caterpillar ID
August 28, 2009
Hello again! I found this amazing caterpillar climbing on a wall more than 100′ from any vegetation. It is ~3″ long, and as you can see will curl into a ball if disturbed. As I discovered, those spines are not for show! I bumped it and got a strong burning/stinging sensation at the site.
Mike
Edgewood New Mexico, 7000′ pinion forest

Zephyr Eyed Silkmoth Caterpillar

Zephyr Eyed Silkmoth Caterpillar

Dear Mike,
As we have stated so many times in the past, we haven’t the time to even read all of the emails we receive, and we tend to open emails with subject lines that catch our attention.  We had been thinking that we haven’t posted any images of the fabulous Eyed Silkmoth caterpillars from the genus Automeris that have limited ranges in the Southwest.  This is the caterpillar of a Zephyr Eyed Silkmoth, Automeris zephyria, and it is only reported from the mountains of New Mexico.  The caterpillars feed on the leaves of willows.  You can see more images on BugGuide, but nothing as spectacular as the defensive ball your specimen has rolled into.  The spines of the Zephyr Eyed Silkmoth Caterpillar are mildly poisonous.  You need not fear for your health because of the sting, but the discomfort may last a few days.  We are copying Bill Oehlke on this response so he can add you sighting to the comprehensive data he is compiling.  We suspect he might also want to post your wonderful photos on his own website.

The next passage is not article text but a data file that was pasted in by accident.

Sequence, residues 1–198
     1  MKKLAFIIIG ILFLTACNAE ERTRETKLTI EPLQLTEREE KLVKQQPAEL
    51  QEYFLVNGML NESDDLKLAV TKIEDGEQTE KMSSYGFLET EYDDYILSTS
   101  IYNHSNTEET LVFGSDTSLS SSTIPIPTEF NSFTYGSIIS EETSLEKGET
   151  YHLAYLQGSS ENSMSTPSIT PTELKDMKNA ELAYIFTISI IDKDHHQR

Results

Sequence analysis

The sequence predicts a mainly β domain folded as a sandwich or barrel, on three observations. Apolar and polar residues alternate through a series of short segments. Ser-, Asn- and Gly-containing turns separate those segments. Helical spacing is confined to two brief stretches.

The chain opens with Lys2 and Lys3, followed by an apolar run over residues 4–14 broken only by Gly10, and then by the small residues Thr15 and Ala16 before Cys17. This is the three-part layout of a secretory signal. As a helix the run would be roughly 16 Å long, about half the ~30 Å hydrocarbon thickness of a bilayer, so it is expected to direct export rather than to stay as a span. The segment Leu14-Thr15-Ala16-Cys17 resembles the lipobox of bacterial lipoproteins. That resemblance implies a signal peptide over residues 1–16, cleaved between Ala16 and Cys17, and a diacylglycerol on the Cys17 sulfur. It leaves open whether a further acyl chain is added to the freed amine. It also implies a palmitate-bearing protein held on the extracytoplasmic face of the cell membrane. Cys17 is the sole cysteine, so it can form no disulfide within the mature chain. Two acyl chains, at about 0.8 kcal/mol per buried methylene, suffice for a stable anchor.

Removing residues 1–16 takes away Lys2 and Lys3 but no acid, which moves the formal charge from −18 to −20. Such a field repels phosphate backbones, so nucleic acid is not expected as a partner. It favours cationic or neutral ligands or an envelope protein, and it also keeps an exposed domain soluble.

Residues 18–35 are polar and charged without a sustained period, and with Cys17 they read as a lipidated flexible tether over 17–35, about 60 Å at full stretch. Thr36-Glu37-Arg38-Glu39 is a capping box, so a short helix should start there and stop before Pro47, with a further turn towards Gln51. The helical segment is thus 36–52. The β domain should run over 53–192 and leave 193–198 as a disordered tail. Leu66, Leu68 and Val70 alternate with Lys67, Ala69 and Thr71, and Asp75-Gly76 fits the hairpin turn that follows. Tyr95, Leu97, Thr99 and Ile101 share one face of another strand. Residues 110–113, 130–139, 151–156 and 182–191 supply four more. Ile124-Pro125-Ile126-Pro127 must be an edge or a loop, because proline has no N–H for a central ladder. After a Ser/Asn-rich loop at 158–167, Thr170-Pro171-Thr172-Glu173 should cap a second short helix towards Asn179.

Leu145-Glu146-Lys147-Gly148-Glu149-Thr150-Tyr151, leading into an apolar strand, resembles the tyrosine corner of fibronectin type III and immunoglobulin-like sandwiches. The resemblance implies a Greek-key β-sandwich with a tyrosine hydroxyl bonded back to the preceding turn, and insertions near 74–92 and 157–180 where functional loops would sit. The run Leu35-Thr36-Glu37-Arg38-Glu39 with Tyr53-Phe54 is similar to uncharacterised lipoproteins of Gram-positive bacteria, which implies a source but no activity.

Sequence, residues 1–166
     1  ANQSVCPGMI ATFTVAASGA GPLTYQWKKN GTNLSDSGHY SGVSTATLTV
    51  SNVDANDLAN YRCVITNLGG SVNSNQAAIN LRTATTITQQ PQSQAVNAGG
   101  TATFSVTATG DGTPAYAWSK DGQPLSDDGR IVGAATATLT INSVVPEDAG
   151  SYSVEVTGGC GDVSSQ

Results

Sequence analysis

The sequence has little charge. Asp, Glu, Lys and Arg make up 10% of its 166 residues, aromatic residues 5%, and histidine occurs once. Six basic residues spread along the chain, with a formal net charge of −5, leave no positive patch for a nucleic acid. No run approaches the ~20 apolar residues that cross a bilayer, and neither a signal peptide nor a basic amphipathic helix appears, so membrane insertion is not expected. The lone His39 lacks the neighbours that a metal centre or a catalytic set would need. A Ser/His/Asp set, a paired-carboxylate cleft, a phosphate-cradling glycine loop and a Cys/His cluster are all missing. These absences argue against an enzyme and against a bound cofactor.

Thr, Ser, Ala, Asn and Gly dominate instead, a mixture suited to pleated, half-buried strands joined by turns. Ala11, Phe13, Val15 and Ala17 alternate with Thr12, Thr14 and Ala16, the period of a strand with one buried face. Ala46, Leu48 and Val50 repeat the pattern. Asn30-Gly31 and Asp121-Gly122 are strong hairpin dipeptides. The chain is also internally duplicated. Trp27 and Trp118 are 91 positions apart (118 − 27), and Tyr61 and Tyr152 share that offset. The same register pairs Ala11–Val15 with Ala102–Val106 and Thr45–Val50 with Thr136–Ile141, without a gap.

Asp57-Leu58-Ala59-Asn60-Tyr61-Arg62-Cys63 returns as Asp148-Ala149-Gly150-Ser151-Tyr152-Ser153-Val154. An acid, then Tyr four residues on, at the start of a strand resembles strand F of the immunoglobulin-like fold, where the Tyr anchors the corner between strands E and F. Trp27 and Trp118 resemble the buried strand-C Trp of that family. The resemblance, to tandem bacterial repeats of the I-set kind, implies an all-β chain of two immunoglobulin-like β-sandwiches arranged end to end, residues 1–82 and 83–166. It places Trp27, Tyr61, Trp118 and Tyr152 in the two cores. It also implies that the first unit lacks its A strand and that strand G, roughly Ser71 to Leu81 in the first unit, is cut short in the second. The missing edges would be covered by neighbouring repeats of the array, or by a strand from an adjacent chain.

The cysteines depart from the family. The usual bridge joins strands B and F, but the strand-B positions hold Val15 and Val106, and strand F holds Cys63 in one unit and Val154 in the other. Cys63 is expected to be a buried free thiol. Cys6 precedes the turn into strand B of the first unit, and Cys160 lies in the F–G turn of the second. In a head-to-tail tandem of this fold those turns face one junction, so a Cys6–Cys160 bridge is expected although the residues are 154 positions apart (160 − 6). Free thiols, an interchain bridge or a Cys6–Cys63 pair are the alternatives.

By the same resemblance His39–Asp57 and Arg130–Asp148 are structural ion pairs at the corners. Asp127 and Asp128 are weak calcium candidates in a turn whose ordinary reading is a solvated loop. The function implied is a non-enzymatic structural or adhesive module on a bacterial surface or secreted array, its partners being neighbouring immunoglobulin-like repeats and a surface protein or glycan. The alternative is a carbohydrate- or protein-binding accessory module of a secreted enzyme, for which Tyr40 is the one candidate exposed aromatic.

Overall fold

Zephyr Eyed Silkmoth Caterpillar:  Defensive Posture

Zephyr Eyed Silkmoth Caterpillar: Defensive Posture

Colorful Moth
August 28, 2009
What kind of moth is this? I took the picture in August 2008 in northern Utah, Heber City area up on the mountain.
Toby Cramer
Northern Utah, Heber City area

Great Tiger Moth

Great Tiger Moth

Hi Toby,
We don’t get many photos of the Great Tiger Moth, Arctia caja, which is known as the Garden Tiger Moth in Europe.  This is a species that might need conservation since according to BugGuide it is:  “uncommon to rare in North America; European numbers have been declining in recent years
”  BugGuide also indicates:  “This species, formerly common throughout the UK, has steadily declined over the past 20 years, with numbers falling by around 30%. There has been a general movement away from the south and toward the north, with climate change believed to be a contributing factor. Warm, wet winters and warm springs are followed by a decrease in the number of tiger moths the following summer (Conrad et al, 2002).  Arctia caja was a favourite with early European collectors, who selectively bred it to create unusual colours and forms.”